Pasco County seniors want elected officials to take a look at retirement benefits
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04/27/12 Janelle Irwin
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Senior citizens in Pasco County fill out questionaires from AARP about Social Security and Medicare.


photo by Janelle Irwin

A group of 50 senior citizens in the Land O’ Lakes area is worried that Medicare and Social Security benefits might be in trouble. The American Association of Retired Persons, or AARP, conducted a question and answer session with them Friday morning and plan to take the results all the way to Washington D.C.

“You’ve earned a say.” That’s what AARP officials are calling a program to give seniors a voice in the political arena about their retirement benefits.

“AARP is providing to our members in the general public and voters, Florida voters, the opportunity to amplify their voices. Everyone here has a voice. They have a thought about what they want to see happen to the future of Medicare and Social Security.”

Michele Cyr, associate state director for AARP of Florida, came armed with little blue gadgets that tallied participants’ answers to questions about Medicare and Social Security. When asked if Medicare was in trouble, more than half of the group answered the program needed at least some tweaking. And as for Social Security benefits, only one person indicated they thought the program was fine just the way it is. Cyr said those results are not uncommon.

“They’re frustrated. They feel like our elected officials in Washington D.C. aren’t listening to them and that no one is really representing them. So, AARP is going across the country and, right here in the Bay area, talking to people at community conversations, town hall meetings, issue forums, really listening to what they have to say and their concerns about Medicare and Social Security.

So, in between questions seniors chimed in with what they thought was wrong and how politicians should fix it. Bob Bucklin, a retired clinical psychologist, said both systems would be fine if they had been better taken care of, but Social Security needs to be revamped to include more revenue.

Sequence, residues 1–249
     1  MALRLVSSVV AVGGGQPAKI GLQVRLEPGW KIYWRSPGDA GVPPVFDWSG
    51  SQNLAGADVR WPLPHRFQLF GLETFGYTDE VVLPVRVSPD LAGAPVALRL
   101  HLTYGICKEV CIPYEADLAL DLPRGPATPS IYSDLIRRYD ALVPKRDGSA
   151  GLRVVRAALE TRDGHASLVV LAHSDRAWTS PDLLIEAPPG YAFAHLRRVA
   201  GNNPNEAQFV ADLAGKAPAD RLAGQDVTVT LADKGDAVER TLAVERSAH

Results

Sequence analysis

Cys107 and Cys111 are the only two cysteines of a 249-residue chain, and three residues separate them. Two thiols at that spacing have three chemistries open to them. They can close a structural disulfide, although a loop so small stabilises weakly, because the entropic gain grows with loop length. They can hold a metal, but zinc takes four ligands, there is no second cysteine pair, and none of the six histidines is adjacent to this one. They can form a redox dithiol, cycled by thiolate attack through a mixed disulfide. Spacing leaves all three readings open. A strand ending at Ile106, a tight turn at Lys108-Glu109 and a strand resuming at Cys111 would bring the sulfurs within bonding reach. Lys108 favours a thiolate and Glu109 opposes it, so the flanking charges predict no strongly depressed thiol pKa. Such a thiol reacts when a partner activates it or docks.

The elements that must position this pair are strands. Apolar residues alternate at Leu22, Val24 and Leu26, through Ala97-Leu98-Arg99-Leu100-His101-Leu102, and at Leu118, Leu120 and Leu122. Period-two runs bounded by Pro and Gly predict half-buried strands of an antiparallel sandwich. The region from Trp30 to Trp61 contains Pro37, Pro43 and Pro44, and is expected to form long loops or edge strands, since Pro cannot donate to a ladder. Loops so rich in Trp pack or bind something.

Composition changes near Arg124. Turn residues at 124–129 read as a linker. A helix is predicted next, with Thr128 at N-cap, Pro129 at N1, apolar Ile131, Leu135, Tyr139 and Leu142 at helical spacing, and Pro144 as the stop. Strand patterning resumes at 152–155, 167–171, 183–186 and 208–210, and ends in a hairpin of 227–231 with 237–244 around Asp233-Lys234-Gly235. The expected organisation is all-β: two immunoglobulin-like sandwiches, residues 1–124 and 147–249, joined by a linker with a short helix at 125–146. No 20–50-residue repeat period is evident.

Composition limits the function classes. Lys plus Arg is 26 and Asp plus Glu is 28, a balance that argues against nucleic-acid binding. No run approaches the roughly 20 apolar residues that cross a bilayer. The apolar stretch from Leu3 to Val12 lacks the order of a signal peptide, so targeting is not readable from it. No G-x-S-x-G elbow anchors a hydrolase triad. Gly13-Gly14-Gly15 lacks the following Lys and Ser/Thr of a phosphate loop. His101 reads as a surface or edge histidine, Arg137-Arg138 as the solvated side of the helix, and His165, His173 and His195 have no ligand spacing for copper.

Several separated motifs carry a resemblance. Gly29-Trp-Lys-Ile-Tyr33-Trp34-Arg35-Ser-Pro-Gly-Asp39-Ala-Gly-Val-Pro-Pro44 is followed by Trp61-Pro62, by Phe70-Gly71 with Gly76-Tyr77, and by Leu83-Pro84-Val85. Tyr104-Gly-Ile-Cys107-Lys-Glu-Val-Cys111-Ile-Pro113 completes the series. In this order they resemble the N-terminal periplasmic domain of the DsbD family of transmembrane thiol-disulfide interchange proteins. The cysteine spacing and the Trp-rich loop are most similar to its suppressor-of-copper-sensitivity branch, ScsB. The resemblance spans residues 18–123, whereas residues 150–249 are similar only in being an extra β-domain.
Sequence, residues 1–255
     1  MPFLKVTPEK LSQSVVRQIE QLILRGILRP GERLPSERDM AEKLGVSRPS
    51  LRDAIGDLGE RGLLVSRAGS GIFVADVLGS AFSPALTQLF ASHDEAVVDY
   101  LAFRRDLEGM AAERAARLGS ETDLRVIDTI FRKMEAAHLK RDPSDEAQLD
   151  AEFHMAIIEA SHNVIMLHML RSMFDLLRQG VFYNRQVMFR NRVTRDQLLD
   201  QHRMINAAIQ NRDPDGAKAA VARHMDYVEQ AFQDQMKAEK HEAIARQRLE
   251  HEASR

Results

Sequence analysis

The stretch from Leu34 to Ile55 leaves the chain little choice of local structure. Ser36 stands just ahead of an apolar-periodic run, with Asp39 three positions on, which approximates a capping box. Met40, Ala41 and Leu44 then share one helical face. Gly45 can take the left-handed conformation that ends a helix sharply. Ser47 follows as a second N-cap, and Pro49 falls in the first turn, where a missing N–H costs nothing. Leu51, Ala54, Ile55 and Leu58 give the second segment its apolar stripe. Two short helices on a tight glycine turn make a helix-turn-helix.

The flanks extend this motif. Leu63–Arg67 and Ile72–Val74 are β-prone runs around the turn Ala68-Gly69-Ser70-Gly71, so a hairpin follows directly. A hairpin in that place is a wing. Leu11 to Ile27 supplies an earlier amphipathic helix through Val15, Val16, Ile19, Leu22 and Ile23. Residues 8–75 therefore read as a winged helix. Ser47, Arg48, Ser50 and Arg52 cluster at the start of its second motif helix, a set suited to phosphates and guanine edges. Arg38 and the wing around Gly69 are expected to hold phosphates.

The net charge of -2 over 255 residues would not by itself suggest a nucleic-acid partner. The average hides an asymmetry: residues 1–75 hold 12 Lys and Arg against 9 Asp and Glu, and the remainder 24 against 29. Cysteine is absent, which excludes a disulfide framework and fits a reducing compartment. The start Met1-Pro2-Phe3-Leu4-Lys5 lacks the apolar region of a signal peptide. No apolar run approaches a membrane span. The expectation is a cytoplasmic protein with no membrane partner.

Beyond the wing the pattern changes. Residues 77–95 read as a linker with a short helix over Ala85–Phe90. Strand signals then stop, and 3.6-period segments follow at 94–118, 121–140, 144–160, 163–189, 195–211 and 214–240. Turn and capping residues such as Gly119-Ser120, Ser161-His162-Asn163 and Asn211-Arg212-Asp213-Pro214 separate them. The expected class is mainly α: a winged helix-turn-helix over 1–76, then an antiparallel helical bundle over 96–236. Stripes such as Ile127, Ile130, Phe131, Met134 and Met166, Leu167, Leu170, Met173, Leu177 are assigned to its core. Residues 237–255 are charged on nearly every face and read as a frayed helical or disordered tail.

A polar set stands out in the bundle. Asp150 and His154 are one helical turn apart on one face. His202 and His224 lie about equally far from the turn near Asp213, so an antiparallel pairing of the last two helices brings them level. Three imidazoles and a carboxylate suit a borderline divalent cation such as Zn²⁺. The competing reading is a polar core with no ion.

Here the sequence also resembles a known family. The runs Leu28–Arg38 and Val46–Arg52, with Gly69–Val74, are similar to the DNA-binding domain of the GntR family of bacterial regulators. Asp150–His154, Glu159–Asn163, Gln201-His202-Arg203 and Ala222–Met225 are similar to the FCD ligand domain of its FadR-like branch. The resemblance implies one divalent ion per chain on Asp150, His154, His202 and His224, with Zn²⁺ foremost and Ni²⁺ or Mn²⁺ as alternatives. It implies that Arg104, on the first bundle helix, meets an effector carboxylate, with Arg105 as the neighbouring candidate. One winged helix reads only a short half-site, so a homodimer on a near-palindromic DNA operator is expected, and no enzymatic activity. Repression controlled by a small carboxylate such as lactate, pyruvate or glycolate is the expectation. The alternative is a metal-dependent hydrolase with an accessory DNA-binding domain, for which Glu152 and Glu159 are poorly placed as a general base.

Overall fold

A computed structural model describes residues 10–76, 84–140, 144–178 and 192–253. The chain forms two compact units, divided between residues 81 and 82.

“The dollars for Social Security aren’t collected on earned income above $110,000 right now which means the low income earner is carrying the rest of the country, the wealthy people, on their back. I think that Social Security should be collected on every dollar of earned income.”

Another participant lashed back saying that would be a wash because then people who had to pay more in to the system should also get that back when they retire. Nods circulated the room. Then came the claims that Medicare and Social Security benefits are handed out a little too loosely. Bucklin’s wife Mary, a retired school teacher, said it’s too easy for people to get motorized wheelchairs when they may not really need them.

“These advertisements bother me where they say ‘well, come in, we’ll guarantee to help you get one’. Well, if a person really needs a scooter, I’m all for it. But sometimes I think people are encouraged to get scooters when maybe they should get up and try to walk a little bit, reduce a little weight, be a little healthier.”

With a Latino retiree sitting within arm’s reach, Joe Fornino mused that maybe the government should stop handing out benefits to people who haven’t paid into the system.

“They’re giving away so much free medical help to ‘illegals’ and I don’t think that should be. Those that – I mean, you have to take care of people, you do – but these people should be held responsible and billed to pay back the hospitals and whoever is footing the bill for them.”

Fornino, a retiree in Lutz, continued that he doesn’t mind helping someone in need as long as it’s not a permanent hand out.

“Pay your way. Pay your way, bottom line. Pay your way. Get out and clean our streets. Paint our fire hydrants. I don’t care what you have to do. Pay your way.”

But the one thing that every single person in attendance, including the 26-year-old grandson who tagged along, agreed on was that it’s not seniors who need to worry. That’s something AARP’s Cyr said she’s been hearing more and more.

“They are very much concerned, not necessarily about their own benefits, but what’s going to happen to their children and grandchildren.”

Mary Bucklin said the possibly bleak prognosis facing Social Security in particular should be a reason for younger generations to jump into action and make sure they have a contingency plan.

“I feel the same way about retirement. Maybe we need to show them Social Security, like a said, is a safety net. It’s not what you retire on and can continue to live high on the hog.”

Cyr and other AARP staff said they are compiling the information from meetings like this one statewide as part of a national effort. Their findings will be distributed to the national board of directors and then as far up as presidential candidates. That includes President Obama.






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